John Duval Plexus Shiraz Blend 2019
- Rich, full-bodied
- Barossa Valley
If you don’t know John Duval, you’ll know his masterpieces of wine. Does Penfolds ring a bell? Oh, John was only the Chief Winemaker there for 17 years. Besides the responsibility of producing the country’s most iconic wine- Penfolds Grange - John initiated the now coveted ranges of RWT, Bin 138 and Bin 407, cementing his position amongst legends of the trade. All this, as well as being the fifth generation Duval to manage the family vineyard in Morphett Vale where John now creates his own juice.
If anyone can be trusted to make a blend with intensity, focus and coherence, it’s John Duval. Old vine shiraz (45%), grenache (32%) and mourvédre (23%) were vinified separately to allow control over every tiny detail of the final product. What does that product look like, you ask? Generous and weighted, with a plush line of plum and blackcurrant. It’ll glide over the palate with warm spice and salted licorice, even some walnut coming along for the ride. The reduced yields from the 2019 vintage meant the fruit that made it to harvest was exceptionally concentrated, structuring this wine to last for years to come. Sink in and experience the master at work.
“Sloshy, good times red of charisma, brightness yet depth, sweet-ripe fruit character and a lick of nutty-savoury seasoning through it all. Swamps the palate in plummy fruit and salted liquorice characters then the afterglow of hazelnuts and dark chocolate. You can see the queue forming. Great shape, feel, satiny texture and character.”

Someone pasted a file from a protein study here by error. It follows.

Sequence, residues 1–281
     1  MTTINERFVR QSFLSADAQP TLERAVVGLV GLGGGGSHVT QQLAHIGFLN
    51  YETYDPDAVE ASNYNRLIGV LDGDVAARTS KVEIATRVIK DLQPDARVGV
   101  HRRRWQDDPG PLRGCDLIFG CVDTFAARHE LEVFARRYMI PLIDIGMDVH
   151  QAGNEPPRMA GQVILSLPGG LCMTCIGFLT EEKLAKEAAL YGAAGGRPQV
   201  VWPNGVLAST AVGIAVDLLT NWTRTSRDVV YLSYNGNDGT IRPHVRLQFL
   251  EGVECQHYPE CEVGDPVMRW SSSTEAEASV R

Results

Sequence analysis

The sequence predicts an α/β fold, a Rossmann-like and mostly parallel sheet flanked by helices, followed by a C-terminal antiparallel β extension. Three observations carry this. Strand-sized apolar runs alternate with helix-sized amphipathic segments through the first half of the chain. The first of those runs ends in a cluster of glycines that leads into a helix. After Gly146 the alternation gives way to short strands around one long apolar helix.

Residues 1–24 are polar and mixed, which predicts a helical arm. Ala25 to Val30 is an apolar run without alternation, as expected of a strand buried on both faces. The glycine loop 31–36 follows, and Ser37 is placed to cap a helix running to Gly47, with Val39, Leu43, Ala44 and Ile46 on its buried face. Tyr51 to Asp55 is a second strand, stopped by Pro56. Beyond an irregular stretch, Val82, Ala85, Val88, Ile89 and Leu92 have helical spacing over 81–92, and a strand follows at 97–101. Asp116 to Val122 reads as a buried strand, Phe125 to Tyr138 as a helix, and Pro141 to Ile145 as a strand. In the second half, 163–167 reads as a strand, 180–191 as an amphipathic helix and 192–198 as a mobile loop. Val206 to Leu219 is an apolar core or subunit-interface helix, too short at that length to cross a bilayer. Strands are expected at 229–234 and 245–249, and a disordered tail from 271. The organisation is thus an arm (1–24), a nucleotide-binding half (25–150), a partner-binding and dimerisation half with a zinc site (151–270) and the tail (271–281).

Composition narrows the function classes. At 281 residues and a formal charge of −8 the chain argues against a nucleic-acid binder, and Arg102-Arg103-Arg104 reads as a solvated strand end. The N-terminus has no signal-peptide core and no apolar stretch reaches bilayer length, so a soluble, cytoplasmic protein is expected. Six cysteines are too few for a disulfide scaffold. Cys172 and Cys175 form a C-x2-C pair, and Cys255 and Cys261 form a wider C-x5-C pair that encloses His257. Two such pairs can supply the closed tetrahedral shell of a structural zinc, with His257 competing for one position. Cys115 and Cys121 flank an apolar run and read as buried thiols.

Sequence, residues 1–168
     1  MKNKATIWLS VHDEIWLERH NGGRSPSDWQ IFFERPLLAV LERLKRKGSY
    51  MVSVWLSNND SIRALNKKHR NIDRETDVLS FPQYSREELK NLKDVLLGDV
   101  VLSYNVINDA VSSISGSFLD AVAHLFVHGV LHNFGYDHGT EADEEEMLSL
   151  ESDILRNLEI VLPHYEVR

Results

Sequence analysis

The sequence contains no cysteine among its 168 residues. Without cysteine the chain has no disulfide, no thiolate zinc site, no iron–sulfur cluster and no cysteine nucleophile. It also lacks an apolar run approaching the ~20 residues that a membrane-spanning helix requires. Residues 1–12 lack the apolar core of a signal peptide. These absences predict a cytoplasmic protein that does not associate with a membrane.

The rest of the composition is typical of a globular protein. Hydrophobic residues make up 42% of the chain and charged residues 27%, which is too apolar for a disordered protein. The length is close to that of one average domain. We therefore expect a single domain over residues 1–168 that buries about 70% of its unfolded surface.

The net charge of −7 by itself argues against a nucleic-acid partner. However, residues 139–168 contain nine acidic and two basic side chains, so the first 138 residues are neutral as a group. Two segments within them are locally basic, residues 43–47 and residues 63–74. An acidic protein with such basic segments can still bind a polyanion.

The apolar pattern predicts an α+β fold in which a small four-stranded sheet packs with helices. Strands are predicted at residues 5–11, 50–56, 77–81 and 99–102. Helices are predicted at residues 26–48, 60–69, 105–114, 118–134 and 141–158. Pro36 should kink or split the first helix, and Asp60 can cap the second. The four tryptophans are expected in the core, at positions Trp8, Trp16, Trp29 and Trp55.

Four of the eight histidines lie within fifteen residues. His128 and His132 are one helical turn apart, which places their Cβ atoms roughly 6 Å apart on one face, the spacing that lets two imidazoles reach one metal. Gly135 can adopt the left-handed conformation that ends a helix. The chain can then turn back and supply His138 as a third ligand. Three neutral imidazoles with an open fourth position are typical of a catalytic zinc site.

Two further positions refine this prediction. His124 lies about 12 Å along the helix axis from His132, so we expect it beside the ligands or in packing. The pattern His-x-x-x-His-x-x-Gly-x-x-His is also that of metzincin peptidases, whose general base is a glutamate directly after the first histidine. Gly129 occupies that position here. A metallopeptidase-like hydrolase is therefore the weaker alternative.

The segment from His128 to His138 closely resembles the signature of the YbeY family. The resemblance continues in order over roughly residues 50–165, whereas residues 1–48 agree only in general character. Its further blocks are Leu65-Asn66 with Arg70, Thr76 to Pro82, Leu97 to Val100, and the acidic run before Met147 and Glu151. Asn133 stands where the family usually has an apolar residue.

It’s cool, we get it, you want to know absolutely everything about this wine. Well here you go, go nuts.
- Barossa Valley
- Alcohol by Vol.
- Bottle Vol
- Blend Info
- Shiraz (45%), Grenache (32%) and Mourvèdre (23%)
- Serving Temp.
'Barossa Valley'. This is Australia's key wine brand overseas, in the US especially. It's our riposte to 'Champagne', 'Scotch' and 'Barolo'. My mind conjures these images, in this order: Shiraz, Penfolds wine, Maggie Beer condiments. All of which can GET - IN - MY - BELLY! But there is so much more to the Barossa than first glance. There are fringe (and not so fringe) winemakers actively working to classify the valley's subregions, and this is a very worthy cause. From Moppa to Seppeltsfield to Marananga there's a lot of variation, and the styles produced can vary immensely. This is the next step in the vision of this region (which, let's face it, is a baby in the scheme of things), as it gets acquainted with its strengths, weaknesses and future opportunities.It's a region that's not sorry to produce the big, fruit-driven wine styles that make it so popular. So drink to the future of the Barossa, because it's as bright as any other region on the world stage.